Our story so far: My husband Tyler and I purchased a 126-year-old Methodist church to turn into our home. Three months in, we had completed demolition and were deep into the framing and mechanicals phase of the project.
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Our Number One design rule was “details matter,” and this was most important starting at the top: The ceilings. The high ceiling in the sanctuary—our future great room—was the whole reason we were interested in a church so we wanted it to look not just good but grand. This is where the finishing work began.
As soon as they had completed demo on the sanctuary ceiling, the drywallers got to work installing the product from which they derived their name: Drywall.
Drywall, for the uninitiated, is a panel made of gypsum plaster pressed between thick sheets of paper. In modern homes, drywall is rarely seen but it literally surrounds us, concealed with paint or wallpaper or paneling inside our walls and ceilings. In the 1950s, it began replacing the traditional lath and plaster as a speedier alternative. We’d removed a good deal of plaster lath from the church to expose areas where we required ducts, pipes and wiring, but on the whole we left it intact where we could because it was strong and secure. But this wasn’t the Sistine Chapel, and we weren’t creating frescos in the plaster. Our sanctuary ceiling required new drywall to replace the fiberboard tiles that were there when we bought the church.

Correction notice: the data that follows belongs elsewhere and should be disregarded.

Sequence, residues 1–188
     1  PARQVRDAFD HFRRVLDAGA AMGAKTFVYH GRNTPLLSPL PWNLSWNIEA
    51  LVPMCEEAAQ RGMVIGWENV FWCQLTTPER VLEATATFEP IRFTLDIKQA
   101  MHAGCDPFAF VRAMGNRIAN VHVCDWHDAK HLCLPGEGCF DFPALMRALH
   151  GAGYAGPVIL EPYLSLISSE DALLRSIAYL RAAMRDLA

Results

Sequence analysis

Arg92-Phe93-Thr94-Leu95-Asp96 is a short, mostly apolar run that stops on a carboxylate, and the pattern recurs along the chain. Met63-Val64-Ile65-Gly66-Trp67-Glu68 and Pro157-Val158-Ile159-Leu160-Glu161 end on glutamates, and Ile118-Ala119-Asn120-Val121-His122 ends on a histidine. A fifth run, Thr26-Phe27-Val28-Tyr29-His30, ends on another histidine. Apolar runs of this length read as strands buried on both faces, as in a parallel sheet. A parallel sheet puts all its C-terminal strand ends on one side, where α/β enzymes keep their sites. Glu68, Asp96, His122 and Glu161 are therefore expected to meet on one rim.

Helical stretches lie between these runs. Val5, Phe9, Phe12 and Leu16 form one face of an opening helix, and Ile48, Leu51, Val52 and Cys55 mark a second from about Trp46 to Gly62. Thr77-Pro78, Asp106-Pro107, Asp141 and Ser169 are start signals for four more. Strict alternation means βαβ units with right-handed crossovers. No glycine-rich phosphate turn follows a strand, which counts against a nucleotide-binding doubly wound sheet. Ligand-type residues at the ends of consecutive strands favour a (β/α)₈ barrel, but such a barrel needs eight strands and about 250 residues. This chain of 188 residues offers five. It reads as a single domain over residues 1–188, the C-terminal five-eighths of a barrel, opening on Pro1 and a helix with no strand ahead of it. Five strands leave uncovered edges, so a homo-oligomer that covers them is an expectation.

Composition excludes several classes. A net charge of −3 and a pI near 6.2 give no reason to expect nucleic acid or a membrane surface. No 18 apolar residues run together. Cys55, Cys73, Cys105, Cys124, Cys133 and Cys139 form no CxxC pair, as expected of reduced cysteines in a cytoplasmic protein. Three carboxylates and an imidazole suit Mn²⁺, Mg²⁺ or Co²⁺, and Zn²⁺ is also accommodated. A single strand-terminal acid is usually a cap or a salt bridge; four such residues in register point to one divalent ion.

Drywall comes in 4-by-8-foot sheets, and the drywallers chose to get it into the church with a boom truck through the upstairs windows. One might think an eighth-inch doesn’t make any difference in most matters, but not Tyler. He chose 5/8-inch drywall for the sanctuary ceiling because it was stiffer and laid flatter. It was also heavier. At one point, Tyler’s hired man St. Johnny and I moved a few pieces out of the way, and it was like, well, like hitting a brick wall.
But the unwieldiness of these large sheets of drywall didn’t deter the drywall team, even as they navigated scaffolding fifteen feet high and higher. Mudding the seams came next, and in a matter of a few days, they had performed their magic.
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Tomorrow: How many gallons does it take to paint a church ceiling? Read about it here.